Pastoral Visit to Vigevano and Pavia, Italy
Pope Benedict XVI
The wisdom, faith and humility of St. Augustine help us on the road to true life
On Sunday morning, 22 April , the Holy Father presided at the Eucharistic concelebration on Pavia's "Orti Borromaici Esplanade". The name comes from the Collegio Borromeo, founded amid beautiful gardens by St Charles Borromeo who studied law at the University of Pavia. The Pope was welcomed by the local Ordinary, Bishop Giovanni Giudici. After the Eucharistic concelebration and the Regina Caeli, the Holy Father returned to the Archbishop's Residence for lunch with the Bishops of Lombardy. The following is a translation of the Pontiff's Homily, given in Italian.
Dear Brothers and Sisters,
Yesterday afternoon, I met the diocesan Community of Vigevano and the heart of my Pastoral Visit was the Eucharistic concelebration in Piazza Ducale; today, I have the joy of visiting your Diocese and a culminating moment of our encounter is also here at Holy Mass.
I greet with affection my Brothers who are concelebrating with me: Cardinal Dionigi Tettamanzi, Archbishop of Milan, Bishop Giovanni Giudici, Pastor of your Diocese, Bishop emeritus Giovanni Volta, the retired Pastor, and the other Prelates of Lombardy.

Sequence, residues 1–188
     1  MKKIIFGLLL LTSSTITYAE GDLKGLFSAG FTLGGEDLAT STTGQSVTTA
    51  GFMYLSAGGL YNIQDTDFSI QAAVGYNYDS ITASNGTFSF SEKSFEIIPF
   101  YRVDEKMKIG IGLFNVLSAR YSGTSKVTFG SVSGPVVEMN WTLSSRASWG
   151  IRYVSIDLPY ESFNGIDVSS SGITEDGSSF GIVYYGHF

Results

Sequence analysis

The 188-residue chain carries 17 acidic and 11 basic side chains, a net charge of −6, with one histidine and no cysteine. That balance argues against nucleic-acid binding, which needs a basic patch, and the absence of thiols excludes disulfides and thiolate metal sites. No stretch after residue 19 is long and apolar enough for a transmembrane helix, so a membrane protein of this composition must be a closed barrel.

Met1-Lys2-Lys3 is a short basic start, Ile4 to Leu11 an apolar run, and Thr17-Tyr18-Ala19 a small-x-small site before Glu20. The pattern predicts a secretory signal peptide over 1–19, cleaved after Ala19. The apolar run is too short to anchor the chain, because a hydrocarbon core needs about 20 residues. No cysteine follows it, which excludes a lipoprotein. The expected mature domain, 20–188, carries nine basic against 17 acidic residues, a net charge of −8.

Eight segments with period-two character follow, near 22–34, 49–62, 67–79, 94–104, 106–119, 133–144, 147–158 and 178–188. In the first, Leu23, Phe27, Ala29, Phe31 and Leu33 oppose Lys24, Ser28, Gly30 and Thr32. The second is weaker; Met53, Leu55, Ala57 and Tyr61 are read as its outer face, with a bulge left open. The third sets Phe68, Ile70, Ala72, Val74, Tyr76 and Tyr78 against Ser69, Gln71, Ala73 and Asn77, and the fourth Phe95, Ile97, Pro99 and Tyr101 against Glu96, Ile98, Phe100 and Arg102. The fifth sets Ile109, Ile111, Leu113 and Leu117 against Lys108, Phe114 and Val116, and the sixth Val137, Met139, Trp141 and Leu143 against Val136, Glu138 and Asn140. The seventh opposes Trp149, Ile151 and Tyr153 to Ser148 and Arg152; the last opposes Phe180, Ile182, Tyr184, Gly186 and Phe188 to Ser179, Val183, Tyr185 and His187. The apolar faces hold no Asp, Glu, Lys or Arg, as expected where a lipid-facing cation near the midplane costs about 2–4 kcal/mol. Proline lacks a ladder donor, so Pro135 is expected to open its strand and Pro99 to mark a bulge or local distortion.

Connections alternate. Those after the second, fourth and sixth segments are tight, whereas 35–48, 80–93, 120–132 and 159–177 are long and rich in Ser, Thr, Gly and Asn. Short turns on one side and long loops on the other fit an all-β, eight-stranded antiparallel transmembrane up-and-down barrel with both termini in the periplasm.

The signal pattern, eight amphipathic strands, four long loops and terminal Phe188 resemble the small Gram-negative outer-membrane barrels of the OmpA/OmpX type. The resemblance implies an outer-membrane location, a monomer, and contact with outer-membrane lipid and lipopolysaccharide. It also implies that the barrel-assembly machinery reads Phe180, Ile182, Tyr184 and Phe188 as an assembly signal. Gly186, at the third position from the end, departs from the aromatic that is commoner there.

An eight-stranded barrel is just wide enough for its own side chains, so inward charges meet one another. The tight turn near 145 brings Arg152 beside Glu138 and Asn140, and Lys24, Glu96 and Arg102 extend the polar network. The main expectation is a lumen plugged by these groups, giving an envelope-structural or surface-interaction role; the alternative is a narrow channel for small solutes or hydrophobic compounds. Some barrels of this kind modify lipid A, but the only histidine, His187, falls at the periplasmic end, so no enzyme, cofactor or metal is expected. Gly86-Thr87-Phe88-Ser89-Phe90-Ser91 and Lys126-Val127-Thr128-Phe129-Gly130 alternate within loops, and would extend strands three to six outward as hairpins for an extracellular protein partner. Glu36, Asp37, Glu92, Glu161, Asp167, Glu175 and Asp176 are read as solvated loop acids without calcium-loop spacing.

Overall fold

I am grateful to the Government Representatives and local Administrations for their presence. I address my cordial greeting to the priests, deacons, Religious, leaders of lay associations, the young people, the sick and all the faithful, and I extend my thoughts to the entire population of this ancient and noble City, and of the Diocese.
During the Easter Season, the Church presents to us, Sunday after Sunday, some passages from the preaching with which, after Easter, the Apostles, particularly Peter, invited Israel to have faith in Jesus Christ, the Risen One, thereby founding the Church.
Jesus: 'Saviour' and 'Head'
In today's reading, the Apostles stand before the Sanhedrin — before that institution which, having sentenced Jesus to death, could not tolerate that this same Jesus was now beginning to be active again through the Apostles' preaching. They could not tolerate that his saving power was once more making itself felt and that his Name was attracting people who believed in him as the promised Redeemer.
They accused the Apostles. Their accusation is: "You want to make us responsible for that man's blood".
Peter, however, reacted to this accusation with a brief catechesis on the essence of Christian faith: "No, we do not want to make you responsible for his blood. The effect of the death and Resurrection of Jesus is quite different. God has exalted him as 'Head and Saviour' of all, and of you, too, his People of Israel". And where will this "Head" lead us? What does this "Saviour" bring?